Saturday Six: She’s How Old?!?
Here’s another collection of quick takes of stories and blog posts from across the net that I think (and hope) you might just find interesting.
1. ‘The Donald’ in the Raw?
The Atlantic says NBC should release raw footage of its The Apprentice program featuring presidential candidate Donald Trump in action. “In the interest of giving the public as accurate an understanding as possible of a leading presidential candidate, NBC’s news division should upload all of the raw footage from The Apprentice and The Celebrity Apprentice to the web,” Conor Friedersdorf writes. Even if the news division could get its hands on raw footage of an entertainment show, exactly who is going to sit through hours of raw footage to determine whether it yields even an iota of Trump’s “true” decision-making process? Would you?
2. ‘Plain Language’ Policy Makes Rules Easier to Understand
3. Teacher Fired After Judge Rules Against Blog Posts
Back in 2011, a teacher posting under a different name reportedly referred to her students as “utterly loathsome” and “frightfully dim.” Unfortunately for her, one of her students — apparently one of the brighter ones — not only found the blog but managed to ascertain the teacher was its writer. Parents learned of the remarks and demanded something be done. But the teacher defended her blog posts, claiming Freedom of Speech. A judge upheld a ruling against her, saying “The First Amendment does not require a school district to continue to employ a teacher who expresses the kind of hostility and disgust against her students that Munroe did on her blog and then publicly defends such comments to the media.” Do you think they made the right call?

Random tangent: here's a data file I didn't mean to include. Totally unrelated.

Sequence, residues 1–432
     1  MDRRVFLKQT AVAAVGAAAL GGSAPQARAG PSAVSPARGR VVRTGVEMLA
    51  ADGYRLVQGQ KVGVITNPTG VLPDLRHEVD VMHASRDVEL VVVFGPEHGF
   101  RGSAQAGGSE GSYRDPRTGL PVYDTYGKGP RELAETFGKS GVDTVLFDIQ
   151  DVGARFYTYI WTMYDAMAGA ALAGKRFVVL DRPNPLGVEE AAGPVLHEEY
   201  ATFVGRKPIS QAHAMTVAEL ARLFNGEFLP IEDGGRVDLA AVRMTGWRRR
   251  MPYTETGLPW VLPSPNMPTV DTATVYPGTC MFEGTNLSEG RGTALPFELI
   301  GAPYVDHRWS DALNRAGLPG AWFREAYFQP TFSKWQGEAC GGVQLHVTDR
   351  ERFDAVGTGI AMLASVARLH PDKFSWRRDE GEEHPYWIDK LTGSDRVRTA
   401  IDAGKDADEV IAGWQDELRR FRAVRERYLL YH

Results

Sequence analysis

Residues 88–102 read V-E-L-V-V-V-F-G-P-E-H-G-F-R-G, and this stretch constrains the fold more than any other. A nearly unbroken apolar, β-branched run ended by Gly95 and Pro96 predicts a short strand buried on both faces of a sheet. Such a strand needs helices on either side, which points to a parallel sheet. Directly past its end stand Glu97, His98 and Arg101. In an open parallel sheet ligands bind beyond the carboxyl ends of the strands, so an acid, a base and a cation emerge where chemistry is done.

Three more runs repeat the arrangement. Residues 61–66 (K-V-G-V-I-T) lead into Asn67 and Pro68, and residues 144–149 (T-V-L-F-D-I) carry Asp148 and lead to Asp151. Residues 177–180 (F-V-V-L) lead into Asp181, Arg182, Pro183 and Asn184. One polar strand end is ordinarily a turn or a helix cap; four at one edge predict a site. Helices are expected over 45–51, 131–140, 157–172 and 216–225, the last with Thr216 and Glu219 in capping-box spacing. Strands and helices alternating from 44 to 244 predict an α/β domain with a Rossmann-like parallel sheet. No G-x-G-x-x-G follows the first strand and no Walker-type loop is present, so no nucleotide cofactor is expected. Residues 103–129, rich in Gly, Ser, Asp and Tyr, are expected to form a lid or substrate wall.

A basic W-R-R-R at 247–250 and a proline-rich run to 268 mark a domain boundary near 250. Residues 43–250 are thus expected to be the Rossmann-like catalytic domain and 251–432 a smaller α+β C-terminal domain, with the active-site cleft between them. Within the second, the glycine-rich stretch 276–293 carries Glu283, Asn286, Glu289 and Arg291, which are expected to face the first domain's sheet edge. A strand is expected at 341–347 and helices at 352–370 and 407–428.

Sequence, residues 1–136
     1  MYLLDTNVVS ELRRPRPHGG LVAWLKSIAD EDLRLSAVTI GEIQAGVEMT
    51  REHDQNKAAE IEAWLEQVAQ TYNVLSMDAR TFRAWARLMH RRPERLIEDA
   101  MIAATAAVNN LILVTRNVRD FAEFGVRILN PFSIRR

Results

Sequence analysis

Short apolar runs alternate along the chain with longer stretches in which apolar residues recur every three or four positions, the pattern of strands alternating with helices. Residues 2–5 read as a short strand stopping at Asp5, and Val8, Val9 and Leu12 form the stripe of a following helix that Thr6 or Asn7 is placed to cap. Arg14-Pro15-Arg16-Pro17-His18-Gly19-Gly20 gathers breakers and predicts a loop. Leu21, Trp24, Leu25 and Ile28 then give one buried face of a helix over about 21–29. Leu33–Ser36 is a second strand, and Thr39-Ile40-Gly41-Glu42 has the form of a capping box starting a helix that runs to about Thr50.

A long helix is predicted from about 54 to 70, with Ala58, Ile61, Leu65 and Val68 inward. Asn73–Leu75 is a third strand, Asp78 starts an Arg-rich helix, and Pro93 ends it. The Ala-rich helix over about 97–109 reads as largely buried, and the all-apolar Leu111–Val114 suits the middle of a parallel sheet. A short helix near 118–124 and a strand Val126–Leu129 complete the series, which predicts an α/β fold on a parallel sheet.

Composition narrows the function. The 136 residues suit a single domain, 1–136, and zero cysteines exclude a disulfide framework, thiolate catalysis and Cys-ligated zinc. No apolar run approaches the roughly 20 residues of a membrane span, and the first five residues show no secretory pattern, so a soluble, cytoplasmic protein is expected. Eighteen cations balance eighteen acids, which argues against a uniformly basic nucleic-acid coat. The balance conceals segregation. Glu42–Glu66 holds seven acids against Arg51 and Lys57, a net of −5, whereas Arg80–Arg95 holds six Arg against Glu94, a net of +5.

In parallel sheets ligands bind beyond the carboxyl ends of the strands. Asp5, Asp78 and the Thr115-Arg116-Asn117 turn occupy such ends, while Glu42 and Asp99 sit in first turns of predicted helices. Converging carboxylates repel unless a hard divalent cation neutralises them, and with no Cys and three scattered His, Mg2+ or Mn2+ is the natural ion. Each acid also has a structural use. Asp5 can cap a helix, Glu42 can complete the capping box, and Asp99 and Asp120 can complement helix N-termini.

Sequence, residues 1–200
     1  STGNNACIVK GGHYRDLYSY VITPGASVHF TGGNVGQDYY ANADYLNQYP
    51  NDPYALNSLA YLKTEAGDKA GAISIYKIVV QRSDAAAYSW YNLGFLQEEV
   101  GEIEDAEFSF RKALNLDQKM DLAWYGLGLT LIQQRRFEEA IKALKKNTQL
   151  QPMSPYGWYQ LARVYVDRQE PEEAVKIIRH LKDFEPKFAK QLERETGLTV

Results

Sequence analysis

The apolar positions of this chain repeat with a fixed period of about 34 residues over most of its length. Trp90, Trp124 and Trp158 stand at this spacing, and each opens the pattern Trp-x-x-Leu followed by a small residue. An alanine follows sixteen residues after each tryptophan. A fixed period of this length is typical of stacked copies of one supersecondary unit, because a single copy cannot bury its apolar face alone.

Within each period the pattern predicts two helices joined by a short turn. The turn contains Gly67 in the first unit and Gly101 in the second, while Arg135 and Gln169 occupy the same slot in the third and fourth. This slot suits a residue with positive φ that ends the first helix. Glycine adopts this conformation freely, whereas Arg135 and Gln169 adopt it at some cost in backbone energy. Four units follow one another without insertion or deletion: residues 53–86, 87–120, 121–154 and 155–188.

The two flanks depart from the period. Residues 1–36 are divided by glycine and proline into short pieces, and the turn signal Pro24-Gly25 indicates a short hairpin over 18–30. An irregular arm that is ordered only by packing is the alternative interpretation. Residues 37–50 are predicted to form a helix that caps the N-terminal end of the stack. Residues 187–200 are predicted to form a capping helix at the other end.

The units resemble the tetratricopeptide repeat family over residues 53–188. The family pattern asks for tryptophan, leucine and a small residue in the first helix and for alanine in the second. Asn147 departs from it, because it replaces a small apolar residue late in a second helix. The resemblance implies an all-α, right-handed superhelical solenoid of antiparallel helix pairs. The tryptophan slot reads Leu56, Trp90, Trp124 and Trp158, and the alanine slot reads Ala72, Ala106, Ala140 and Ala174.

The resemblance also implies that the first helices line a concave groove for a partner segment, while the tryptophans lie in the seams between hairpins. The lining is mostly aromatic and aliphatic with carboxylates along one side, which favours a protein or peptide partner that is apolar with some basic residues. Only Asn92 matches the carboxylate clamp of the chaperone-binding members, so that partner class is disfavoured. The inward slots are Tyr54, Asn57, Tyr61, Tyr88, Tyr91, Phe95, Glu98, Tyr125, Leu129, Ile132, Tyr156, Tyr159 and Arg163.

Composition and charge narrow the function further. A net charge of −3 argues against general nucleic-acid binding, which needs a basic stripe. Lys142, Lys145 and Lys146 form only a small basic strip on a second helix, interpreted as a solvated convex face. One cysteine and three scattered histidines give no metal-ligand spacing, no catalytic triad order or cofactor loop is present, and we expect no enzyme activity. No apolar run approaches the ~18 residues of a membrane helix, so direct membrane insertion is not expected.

4. Still Sultry After All These Years
This will make some of us who are “of a certain age” feel quite old. Guess how old Raquel Welch is today! Ouch.
6. The Camera Shutter Heard Round the World
The photojournalist who snapped a picture of an unfolding tragedy says she almost felt paralyzed when she saw the corpse of the three-year-old boy who drowned as his family was trying to swim to a Greek island from Turkey. Her image sparked a dialog about whether the image should have been used and one you may not have seen appears on this link — click with caution. Some editors declined to publish the image of the boy’s lifeless body on the beach, arguing that not publishing preserves dignity and eases grief, while others insisted the photo should be published because it is a true testament to the severity of the tragedy and the desperation to escape conditions in Turkey. Do you think the photo should have been published? Why or why not?
That’s another round of six. Thanks for dropping by!